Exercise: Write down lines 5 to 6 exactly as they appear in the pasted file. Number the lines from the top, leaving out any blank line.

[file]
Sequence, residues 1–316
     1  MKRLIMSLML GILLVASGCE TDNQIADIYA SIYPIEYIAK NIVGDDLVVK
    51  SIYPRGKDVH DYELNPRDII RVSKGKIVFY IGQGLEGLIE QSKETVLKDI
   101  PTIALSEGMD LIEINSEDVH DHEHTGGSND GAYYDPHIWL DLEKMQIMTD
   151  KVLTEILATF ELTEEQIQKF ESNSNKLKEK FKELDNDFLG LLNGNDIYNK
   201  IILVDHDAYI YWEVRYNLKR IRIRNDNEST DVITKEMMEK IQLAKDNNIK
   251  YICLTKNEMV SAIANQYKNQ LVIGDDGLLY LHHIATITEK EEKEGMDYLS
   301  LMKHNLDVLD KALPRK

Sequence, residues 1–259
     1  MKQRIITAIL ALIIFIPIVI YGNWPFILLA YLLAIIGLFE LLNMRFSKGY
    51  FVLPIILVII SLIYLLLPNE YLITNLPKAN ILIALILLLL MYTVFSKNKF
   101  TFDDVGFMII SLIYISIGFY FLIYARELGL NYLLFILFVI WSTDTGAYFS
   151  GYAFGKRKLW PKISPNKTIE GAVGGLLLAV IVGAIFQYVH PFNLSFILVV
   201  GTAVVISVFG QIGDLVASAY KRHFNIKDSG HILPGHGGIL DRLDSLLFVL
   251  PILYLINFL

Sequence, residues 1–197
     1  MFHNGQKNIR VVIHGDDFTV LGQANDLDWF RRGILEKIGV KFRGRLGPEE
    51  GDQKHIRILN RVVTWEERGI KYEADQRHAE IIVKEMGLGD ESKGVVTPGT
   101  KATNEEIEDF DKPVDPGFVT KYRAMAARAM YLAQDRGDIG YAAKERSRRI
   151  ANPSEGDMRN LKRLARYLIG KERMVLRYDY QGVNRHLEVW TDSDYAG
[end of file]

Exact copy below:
   151  KVLTEILATF ELTEEQIQKF ESNSNKLKEK FKELDNDFLG LLNGNDIYNK
   201  IILVDHDAYI YWEVRYNLKR IRIRNDNEST DVITKEMMEK IQLAKDNNIK